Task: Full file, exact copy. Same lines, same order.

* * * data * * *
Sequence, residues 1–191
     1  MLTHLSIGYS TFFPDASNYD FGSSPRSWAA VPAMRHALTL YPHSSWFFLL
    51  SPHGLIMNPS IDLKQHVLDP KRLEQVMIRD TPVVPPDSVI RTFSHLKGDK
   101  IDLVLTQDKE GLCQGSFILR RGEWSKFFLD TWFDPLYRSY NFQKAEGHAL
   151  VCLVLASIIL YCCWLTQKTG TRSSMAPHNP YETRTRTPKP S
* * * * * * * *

Sequence, residues 1–191
     1  MLTHLSIGYS TFFPDASNYD FGSSPRSWAA VPAMRHALTL YPHSSWFFLL
    51  SPHGLIMNPS IDLKQHVLDP KRLEQVMIRD TPVVPPDSVI RTFSHLKGDK
   101  IDLVLTQDKE GLCQGSFILR RGEWSKFFLD TWFDPLYRSY NFQKAEGHAL
   151  VCLVLASIIL YCCWLTQKTG TRSSMAPHNP YETRTRTPKP S